Your business has been your baby since you started it. The last thing you want to think about is your exit strategy, right? Your energy is focused on growing your business and making it better, not thinking about its end. But it’s important to do so. Will you sell to the highest bidder? Turn the business over to a relative? Sell to your employees? Go public? Liquidate?
You don’t plan to fail, so don’t fail to plan.
78 percent of small business owners plan to sell their business to fund their retirement, yet less than 30 percent actually have a written succession plan.*A succession plan means having a strategy in place for an unexpected life event such as financial hardship, disability or death, and having a plan for the transfer of ownership of the business.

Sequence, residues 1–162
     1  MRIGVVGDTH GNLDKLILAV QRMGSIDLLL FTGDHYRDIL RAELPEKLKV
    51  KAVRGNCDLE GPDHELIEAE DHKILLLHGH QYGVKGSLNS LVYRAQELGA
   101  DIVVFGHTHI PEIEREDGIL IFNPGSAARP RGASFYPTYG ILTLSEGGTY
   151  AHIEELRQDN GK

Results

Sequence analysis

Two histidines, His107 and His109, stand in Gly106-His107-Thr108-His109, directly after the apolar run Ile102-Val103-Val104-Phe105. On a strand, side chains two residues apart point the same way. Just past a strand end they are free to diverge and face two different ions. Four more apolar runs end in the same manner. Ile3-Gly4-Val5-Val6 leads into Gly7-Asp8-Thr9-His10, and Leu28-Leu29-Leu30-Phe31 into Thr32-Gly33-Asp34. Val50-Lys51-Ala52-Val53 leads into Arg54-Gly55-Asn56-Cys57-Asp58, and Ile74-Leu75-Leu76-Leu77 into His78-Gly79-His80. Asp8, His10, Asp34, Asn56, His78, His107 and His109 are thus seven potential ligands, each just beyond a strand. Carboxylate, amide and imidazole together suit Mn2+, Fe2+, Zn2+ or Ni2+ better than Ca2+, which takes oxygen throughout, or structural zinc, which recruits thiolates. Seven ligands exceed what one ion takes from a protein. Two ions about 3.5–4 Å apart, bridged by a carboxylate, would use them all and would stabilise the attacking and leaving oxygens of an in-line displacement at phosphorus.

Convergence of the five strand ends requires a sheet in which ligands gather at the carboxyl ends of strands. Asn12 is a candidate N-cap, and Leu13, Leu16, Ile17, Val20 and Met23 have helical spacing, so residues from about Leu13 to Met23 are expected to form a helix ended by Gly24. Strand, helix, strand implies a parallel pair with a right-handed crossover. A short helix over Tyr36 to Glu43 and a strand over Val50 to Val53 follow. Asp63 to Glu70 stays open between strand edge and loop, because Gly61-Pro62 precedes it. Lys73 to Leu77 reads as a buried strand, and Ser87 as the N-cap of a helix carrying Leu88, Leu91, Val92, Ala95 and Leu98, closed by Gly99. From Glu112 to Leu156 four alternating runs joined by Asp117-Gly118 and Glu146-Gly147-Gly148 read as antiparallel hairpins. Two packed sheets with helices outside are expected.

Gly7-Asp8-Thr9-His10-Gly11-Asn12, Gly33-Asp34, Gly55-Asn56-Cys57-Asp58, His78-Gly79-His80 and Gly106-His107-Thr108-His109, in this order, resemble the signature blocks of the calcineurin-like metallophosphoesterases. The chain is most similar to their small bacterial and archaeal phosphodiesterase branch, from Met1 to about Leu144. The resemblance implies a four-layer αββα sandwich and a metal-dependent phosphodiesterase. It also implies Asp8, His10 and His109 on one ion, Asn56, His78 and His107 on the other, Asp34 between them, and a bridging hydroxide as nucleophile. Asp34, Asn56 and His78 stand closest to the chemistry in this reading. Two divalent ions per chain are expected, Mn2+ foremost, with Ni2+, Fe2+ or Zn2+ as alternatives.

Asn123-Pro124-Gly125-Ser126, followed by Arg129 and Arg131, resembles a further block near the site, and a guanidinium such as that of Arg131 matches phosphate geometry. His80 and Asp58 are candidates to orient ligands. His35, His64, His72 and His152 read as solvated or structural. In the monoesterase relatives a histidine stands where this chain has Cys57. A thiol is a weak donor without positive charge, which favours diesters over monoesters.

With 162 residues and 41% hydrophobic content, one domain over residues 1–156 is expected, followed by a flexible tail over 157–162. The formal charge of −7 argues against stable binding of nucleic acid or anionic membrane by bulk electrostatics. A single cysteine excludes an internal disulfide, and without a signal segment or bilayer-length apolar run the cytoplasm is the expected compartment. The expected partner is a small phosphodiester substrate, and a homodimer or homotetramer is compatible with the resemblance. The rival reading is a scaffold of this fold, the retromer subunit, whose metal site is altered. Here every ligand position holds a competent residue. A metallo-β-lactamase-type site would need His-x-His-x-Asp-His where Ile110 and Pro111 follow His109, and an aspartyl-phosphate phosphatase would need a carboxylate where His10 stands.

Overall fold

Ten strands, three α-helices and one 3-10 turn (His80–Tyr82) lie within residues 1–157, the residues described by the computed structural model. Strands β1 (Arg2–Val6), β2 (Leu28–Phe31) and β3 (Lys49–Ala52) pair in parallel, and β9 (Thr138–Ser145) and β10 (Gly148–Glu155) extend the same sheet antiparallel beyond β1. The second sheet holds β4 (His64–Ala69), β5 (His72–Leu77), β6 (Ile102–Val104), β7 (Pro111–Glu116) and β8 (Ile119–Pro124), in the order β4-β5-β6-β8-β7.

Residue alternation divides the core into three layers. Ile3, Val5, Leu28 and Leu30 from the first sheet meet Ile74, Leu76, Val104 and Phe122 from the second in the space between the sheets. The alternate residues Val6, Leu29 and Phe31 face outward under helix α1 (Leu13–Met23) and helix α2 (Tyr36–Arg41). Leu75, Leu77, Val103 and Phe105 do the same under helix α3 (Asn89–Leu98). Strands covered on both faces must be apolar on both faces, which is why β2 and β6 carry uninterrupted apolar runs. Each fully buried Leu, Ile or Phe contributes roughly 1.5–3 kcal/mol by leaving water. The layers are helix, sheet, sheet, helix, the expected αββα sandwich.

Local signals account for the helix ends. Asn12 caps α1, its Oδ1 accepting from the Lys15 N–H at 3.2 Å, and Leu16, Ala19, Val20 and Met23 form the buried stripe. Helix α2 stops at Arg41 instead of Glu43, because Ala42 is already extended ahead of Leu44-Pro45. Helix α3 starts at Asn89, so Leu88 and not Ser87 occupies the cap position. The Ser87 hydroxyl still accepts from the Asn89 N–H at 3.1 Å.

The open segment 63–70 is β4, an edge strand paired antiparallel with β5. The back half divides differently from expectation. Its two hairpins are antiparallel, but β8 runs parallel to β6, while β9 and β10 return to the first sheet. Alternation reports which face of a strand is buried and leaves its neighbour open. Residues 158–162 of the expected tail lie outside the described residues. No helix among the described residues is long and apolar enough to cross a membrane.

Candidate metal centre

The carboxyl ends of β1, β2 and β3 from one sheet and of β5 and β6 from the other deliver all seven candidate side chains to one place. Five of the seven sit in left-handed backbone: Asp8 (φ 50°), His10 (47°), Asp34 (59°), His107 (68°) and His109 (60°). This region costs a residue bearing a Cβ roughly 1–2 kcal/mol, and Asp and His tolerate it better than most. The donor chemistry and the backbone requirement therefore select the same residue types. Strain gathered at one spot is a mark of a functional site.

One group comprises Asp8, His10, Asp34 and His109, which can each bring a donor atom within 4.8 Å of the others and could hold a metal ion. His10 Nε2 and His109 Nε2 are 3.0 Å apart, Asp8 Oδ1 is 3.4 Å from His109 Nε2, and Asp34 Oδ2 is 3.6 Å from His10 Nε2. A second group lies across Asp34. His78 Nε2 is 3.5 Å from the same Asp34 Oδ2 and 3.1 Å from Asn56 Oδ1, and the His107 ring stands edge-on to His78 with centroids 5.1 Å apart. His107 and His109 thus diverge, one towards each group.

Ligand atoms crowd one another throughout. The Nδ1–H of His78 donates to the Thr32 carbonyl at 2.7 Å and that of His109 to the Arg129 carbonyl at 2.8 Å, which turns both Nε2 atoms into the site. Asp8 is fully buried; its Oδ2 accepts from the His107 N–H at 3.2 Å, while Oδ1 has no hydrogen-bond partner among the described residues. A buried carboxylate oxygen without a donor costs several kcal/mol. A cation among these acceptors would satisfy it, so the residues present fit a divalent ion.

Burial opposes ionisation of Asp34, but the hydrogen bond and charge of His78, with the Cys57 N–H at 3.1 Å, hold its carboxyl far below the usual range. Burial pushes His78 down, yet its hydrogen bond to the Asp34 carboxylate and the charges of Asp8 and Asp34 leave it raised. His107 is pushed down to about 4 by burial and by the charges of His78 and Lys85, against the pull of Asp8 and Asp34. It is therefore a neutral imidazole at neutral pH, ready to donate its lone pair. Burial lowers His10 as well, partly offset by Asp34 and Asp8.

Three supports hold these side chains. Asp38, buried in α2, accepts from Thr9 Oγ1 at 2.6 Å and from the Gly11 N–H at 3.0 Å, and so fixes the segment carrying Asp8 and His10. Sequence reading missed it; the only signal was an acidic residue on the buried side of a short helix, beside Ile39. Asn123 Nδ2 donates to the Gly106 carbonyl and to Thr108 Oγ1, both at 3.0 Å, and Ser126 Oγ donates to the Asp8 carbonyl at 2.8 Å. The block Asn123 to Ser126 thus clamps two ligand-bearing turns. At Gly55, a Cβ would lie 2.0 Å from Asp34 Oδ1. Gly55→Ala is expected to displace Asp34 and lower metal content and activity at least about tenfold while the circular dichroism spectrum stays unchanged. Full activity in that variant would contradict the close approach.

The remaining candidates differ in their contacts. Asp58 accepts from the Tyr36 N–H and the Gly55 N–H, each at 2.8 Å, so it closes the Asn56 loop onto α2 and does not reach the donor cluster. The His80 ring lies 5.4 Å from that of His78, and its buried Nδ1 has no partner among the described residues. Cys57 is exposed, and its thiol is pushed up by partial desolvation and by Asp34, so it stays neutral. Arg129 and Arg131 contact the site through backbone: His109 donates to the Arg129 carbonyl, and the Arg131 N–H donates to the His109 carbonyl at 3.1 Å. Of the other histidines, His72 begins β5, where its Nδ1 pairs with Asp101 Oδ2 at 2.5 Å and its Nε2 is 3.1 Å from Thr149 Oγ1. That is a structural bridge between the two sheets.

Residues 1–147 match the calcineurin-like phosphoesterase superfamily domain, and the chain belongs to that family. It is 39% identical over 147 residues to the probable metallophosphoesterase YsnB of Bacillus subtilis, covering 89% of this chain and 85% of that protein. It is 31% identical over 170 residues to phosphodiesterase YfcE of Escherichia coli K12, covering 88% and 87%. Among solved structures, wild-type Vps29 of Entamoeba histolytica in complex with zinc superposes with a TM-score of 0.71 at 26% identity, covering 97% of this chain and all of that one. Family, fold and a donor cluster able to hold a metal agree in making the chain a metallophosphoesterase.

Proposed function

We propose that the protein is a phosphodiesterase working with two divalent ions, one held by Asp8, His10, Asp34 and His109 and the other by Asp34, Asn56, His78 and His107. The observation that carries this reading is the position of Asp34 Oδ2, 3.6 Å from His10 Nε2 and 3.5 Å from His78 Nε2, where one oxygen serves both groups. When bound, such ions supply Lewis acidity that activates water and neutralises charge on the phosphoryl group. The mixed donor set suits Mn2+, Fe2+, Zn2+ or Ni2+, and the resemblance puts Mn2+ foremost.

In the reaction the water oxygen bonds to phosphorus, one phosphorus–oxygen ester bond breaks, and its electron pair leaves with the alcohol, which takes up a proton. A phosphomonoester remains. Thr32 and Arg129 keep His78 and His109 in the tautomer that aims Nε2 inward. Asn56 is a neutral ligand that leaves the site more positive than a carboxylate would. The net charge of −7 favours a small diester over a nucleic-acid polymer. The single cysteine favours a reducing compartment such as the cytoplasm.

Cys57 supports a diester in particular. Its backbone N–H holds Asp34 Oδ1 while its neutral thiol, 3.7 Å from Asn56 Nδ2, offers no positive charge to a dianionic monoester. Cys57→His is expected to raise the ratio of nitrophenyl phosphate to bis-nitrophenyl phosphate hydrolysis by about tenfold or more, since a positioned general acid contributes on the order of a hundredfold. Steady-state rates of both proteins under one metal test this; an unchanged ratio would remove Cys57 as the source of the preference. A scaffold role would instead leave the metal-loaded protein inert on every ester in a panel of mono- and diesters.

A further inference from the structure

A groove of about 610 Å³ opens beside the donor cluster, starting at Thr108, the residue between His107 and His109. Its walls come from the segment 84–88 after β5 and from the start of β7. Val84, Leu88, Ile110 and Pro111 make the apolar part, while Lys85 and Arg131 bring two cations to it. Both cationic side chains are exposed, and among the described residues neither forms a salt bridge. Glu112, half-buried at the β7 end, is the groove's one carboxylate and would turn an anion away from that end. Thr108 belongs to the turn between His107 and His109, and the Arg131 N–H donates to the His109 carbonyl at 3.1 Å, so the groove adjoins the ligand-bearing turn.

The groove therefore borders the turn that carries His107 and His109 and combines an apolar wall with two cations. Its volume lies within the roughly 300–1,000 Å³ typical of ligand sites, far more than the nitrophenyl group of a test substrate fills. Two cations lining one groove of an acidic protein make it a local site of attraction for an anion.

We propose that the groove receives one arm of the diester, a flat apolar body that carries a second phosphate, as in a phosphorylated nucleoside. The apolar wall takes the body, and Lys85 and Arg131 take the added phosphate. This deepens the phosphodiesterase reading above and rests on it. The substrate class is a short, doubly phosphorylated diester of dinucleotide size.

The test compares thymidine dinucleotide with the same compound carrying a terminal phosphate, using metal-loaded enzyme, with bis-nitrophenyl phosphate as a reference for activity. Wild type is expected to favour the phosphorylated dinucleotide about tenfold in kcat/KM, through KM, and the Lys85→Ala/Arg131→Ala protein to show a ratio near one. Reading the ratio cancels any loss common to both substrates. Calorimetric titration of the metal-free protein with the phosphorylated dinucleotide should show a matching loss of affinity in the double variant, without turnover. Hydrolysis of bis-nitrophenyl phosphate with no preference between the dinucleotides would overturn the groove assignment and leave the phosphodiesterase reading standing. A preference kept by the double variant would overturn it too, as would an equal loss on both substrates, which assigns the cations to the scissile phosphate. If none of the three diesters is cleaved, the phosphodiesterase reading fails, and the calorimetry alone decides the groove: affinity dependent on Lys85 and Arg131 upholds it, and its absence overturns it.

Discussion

Regardless of your exit strategy, it will have implications on your employees, your business structure, your assets, your tax obligation and your estate.
Business succession planning may include:
- A retirement plan, life insurance and personal disability insurance, which can protect you and your family when you no longer own your business
- Development and training of successors
- Retaining key employees through equitable compensation planning for management, family, employees, and shareholders
Whether you plan on selling your business, transferring ownership, or are facing a “forced-exit” such as bankruptcy or liquidation, planning your exit is important. Creating a formal business succession plan that outlines who will own and operate the company is an important decision.
*FPA/CNBC Business Owner Succession Planning Survey, 2015